|The Mountaineers Archives - Overview of WSHS.1998.39||Home|
By Lynn Anderson, WSHS Head of Collections, August 1998
During the summer, the WSHS received a wonderful collection of 362 artifacts including climbing and skiing equipment, clothing, camping gear, and accessories. Most of these items were owned and used by members of the Seattle Mountaineers, Founded in 1906, this organization which is head-quartered at 300 3rd Avenue West, has more than 15,000 members today. Most of the skis, alpenstocks, tents, boots, pitons, and other equipment were collected during the 1970s, but there was never adequate space for storage and exhibition. The Mountaineers wanted to place this unique collection in a place where it could be preserved and available for both research and exhibition. Many of the artifacts will be displayed in the "Sunrise to Paradise" exhibit about Mt. Rainier which opens in March 1999.
After the collection was transported to Tacoma, staff began the painstaking task of cataloging, cleaning, marking, and storing each item. The work was done by college students: Michael Gallagher, Christina Watt, and Barbara Frame, who work in the Collections Department through the work study program under the supervision of Curator, Amy McKune. This was completed in 3 month's time and then each record was entered into the Museum's collections management database, ARGUS. Curators plan to interview some of the original donors and older Mountaineer members in order to gather additional information about the history of use of the equipment. This will be helpful since there are almost no books published on the subject of climbing equipment.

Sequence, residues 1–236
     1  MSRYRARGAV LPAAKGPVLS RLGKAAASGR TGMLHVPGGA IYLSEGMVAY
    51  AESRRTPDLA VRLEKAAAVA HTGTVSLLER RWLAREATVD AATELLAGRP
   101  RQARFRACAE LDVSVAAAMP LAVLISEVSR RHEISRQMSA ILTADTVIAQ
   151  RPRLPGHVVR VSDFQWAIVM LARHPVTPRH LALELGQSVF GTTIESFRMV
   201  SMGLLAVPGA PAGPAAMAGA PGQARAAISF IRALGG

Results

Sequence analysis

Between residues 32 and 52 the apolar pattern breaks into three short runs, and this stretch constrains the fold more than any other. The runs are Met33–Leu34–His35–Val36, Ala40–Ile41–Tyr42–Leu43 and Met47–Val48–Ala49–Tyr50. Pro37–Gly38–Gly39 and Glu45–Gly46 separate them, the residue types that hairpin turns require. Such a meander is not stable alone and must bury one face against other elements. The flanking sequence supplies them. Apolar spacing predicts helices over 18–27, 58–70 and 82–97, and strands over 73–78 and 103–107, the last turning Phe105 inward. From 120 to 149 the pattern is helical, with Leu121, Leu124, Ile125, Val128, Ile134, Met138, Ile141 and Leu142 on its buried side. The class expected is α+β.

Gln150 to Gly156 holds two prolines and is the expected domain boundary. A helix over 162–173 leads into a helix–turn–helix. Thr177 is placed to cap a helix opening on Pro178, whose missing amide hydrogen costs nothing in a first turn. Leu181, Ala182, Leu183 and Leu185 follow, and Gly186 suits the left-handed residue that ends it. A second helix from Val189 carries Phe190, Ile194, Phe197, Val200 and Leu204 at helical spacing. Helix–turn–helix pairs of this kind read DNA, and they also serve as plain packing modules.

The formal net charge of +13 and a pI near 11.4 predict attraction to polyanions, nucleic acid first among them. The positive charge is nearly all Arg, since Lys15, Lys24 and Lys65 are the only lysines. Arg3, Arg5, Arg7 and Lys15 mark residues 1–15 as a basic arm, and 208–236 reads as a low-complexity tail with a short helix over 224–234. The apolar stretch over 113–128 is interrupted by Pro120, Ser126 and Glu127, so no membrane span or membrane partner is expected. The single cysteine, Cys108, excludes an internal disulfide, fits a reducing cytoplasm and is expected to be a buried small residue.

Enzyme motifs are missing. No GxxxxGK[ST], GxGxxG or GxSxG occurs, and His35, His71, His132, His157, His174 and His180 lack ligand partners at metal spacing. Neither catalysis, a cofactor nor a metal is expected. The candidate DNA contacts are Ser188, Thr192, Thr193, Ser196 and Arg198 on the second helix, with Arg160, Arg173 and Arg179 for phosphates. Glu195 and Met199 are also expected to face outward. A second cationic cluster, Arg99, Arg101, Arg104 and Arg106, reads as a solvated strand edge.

The artifacts collected by The Mountaineers represent a long and diverse history of Northwest climbers and their exploits both in the Northwest and around the world. Some of the earliest equipment date from around the turn of the century all the way up to climbing aids from expeditions to the Himalayas and the Yukon region in the late 1970s and early 1980s. One of the earliest pieces of gear in the collection is a metal plate that was carried by Carl E. Morford during an expedition to Mt. Saint Elias in Alaska during 1897. Morford was an athlete at the University of Washington in 1897 and was recruited with several other UW athletes to be packers with Luigi Amedeo, Duke of Abruzzi. He scratched a mountain scene on the base of the plate.
There is a pair of ladies' hiking boots from the early 1900s. They were worn by Georgia Renean, a member of the Mountaineers in 1915. They are the regular, high-ankle boots worn by women of her day which were adapted for climbing and hiking with the addition of caulks (metal spikes), hammered into the soles for extra traction. There are other items that are associated with "firsts" for women climbers. These include 12-point crampons worn by Dora Keen who became the first woman to climb Mt. McKinley around 1912. Margaret Hazard, an early and avid Mountaineer member, donated her ice axe, reputed to be the first axe used by a woman in Washington state.
Although the Mountaineers gave women the chance to experience nature outside the social constraints of the early 1900's, for some it wasn't enough. In 1921, Miss Mabel Vanderpool, a Seattle resident, wrote the Mountaineer president Professor Edmund S. Meany, a letter protesting the rule that forbade female Mountaineers from wearing knickers or trousers until they reached the starting point of the hike. This rule was supposed to protect the women's modesty from the immoralities of the city. Apparently, Miss Vanderpool placed more faith in the city dwellers, saying "we can loose our modesty just as easily and surely in trousers beyond the city limits as in the same trousers within those limits; and if the latter, humans are humans the world over and I have found them to be even more susceptible to the lure of 'the Devil and all his works' in the small town than in the city." Prof. Meany replied that since the women in the club had made the rule any changes made to the rule would be at their discretion. He referred the "letter, without comment, to Miss Celia Shelton, a member of the board."